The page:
Better vision for Africa - with help of IndiaBy Devirupa Mitra, IANS
Sunday, June 13, 2010
NEW DELHI - Forty-three-year-old Keerti Pradhan, a health management specialist, went to Africa for the first time in 2000. Since then, he has become passionate about applying India’s success in the eye care sector to Africa.
He has been helping Africans improve their vision through low-cost Indian technology. And with Indian private companies now flocking to Africa, Pradhan hopes one of these will adopt his pet project as a community initiative and spread it to the rest of the continent.
“Among all its health programmes, India has done very well in the national programme for controlling blindness,” he said.
A key indicator, the cataract surgery rate, which is the number of cataract operations done per million population each year, has increased from 1,500 to 4,500 within 10 years in India. In contrast, sub-Saharan Africa has an average cataract surgery rate of 700.
The first visit to Malawi and Zambia on a consultancy trip to improve eye care hospitals made him see the opportunity for Indian help in the sector.
“I realised that healthcare was dominated by the western model, where the donor agencies pump in a huge amount of money…. It was like giving a person biryani when they can only eat dal and rice,” Pradhan told IANS.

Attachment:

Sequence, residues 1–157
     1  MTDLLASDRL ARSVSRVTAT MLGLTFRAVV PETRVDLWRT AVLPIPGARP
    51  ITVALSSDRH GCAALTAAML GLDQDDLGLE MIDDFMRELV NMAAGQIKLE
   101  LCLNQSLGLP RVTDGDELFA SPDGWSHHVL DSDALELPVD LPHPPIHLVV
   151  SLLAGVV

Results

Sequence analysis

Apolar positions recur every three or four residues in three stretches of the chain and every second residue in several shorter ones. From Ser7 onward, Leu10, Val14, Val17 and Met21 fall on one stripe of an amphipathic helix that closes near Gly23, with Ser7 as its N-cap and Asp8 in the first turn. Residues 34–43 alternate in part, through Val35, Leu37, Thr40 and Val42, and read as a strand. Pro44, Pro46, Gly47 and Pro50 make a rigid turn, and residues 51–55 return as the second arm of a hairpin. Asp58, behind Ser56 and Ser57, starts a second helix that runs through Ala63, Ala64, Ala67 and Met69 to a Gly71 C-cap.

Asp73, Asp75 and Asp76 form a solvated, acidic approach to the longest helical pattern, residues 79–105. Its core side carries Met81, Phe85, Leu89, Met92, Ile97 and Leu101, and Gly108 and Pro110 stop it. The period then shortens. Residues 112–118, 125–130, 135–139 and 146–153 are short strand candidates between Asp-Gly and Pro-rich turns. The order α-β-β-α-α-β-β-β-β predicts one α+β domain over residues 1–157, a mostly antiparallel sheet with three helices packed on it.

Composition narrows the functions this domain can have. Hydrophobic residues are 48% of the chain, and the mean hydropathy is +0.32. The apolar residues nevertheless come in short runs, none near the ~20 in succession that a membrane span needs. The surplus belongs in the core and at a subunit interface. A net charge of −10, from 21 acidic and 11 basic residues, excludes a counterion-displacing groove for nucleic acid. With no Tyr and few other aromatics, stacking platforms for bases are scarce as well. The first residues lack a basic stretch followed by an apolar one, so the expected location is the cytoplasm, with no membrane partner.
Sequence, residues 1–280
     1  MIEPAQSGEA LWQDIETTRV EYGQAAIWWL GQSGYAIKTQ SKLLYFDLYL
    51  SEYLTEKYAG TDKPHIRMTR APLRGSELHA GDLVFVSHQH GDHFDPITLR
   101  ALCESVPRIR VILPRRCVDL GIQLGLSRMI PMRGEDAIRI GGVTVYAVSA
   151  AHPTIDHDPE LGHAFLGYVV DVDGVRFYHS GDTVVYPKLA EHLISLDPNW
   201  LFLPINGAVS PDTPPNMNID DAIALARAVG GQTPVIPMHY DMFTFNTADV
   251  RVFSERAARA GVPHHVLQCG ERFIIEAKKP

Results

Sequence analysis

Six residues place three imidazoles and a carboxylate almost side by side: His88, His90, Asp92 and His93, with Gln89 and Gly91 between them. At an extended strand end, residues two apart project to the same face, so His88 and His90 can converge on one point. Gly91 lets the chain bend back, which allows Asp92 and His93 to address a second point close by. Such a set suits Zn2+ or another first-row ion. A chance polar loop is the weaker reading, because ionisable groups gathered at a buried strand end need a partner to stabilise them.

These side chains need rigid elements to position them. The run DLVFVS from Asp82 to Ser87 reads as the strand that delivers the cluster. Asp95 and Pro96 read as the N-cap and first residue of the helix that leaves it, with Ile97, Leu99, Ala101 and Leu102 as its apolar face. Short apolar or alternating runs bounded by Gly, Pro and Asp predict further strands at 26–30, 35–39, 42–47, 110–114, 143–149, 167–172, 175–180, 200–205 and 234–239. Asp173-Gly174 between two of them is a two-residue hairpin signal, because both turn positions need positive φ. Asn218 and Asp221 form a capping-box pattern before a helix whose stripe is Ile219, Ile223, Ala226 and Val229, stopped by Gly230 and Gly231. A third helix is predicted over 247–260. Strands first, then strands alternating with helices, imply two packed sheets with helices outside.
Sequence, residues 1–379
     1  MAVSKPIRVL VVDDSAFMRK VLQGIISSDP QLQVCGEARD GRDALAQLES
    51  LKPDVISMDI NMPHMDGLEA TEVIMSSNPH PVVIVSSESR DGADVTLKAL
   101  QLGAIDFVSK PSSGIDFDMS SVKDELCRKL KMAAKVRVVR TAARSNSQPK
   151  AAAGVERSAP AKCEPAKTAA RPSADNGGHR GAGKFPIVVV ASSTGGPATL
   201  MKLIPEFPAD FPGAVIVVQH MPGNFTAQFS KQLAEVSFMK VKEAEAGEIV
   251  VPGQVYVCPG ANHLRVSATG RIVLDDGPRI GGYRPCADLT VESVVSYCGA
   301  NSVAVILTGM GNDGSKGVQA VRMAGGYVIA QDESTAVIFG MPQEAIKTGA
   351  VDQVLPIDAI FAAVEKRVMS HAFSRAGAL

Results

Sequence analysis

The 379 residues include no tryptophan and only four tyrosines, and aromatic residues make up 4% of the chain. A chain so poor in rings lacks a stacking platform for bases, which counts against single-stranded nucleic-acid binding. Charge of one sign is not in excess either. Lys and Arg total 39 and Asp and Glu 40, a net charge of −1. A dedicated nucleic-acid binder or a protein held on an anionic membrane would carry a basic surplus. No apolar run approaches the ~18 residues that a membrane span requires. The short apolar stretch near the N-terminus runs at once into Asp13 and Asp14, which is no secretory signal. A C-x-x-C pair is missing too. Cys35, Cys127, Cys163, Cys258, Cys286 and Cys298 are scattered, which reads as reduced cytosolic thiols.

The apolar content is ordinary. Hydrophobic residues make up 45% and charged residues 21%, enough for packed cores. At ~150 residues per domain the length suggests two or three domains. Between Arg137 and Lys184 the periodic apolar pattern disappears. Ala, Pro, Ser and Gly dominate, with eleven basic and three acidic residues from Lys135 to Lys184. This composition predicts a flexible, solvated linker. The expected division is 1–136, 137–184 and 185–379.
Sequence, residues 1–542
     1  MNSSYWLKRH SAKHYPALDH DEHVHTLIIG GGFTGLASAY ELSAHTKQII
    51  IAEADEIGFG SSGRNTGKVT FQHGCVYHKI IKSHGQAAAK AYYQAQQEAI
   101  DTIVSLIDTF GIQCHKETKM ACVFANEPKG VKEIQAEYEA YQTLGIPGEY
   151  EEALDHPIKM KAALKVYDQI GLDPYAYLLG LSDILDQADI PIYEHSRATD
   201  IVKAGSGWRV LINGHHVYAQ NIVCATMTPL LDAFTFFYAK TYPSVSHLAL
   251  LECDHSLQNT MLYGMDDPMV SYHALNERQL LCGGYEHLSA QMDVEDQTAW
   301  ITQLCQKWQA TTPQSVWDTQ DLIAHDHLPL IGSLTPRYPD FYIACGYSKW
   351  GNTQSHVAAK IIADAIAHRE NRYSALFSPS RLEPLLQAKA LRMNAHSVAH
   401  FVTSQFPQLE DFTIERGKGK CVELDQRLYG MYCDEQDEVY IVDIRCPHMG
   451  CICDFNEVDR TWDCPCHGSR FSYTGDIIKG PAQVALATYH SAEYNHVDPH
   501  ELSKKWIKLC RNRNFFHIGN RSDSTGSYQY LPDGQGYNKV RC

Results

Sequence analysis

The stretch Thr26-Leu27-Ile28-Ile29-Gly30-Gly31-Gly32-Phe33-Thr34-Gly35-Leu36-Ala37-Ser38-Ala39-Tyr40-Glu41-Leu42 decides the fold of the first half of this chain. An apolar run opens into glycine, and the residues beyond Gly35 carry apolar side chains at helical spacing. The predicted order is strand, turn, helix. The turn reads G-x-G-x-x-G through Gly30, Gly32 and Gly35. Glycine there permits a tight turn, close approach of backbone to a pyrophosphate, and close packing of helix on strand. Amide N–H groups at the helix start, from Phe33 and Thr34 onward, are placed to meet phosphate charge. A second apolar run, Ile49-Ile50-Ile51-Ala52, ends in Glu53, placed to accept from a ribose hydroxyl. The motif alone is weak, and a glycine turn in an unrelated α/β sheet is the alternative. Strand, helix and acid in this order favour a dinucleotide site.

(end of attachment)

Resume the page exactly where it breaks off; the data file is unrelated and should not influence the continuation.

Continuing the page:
The western model of eye care was unsuitable, he realised, for African conditions, which had minimal infrastructure and human resources.
The technology and method of delivering healthcare in India was much lower to the western model. “In the western model, for each operation, the entire setup, starting with the table, is changed. In the Indian model, only the clothes are changed,” explained Pradhan.
The difference in the cost of each cataract operation is therefore sharp - $15 for the Indian method, compared to $75 for the western model.
In 2007, he persuaded an Indian businessman in the Democratic Republic of Congo to fund the setting up an eye hospital in the mineral-rich southern province of Katanga at a cost of $250,000.
“Immediately, the results were seen…from day one, it started seeing 100-150 patients waiting at the OPD by 10 a.m. It is now delivering high quality eye care with 2,500 surgeries and 50,000 OPDs per year.”
Then, he followed it up with projects in Cameroon and Ethiopia to similarly increase capacity in existing units.
“The Cameroon hospital doubled its surgery to 4,000 per year and cost recovery went from 65-70 percent, up to 120 percent with our intervention and approach in six months’ time,” said Pradhan.
Next it was helping design the national eye care plan for Rwanda and opening eye care units in South Africa.
In nearly all these projects, he had to take key technical staff from India for the initial period - a doctor, an optometrist and a nurse.
Besides, he also brought 35 professionals from various African countries for training at reputed eye institutes in southern India in 2008 and 2009.
“After these five demonstration projects were successful, I wanted to go to other countries in the continent,” said Pradhan.
But the 2009 economic crisis dried up his sources of funds.
Now Pradhan is looking at big Indian corporate houses to further his plan by promoting it as an ideal corporate social responsibility (CSR) initiative.
“If you put in $5, they can get a return of $50 in terms of image building. The impact is immediate,” he said.
(Devirupa Mitra can be contacted at email@example.com)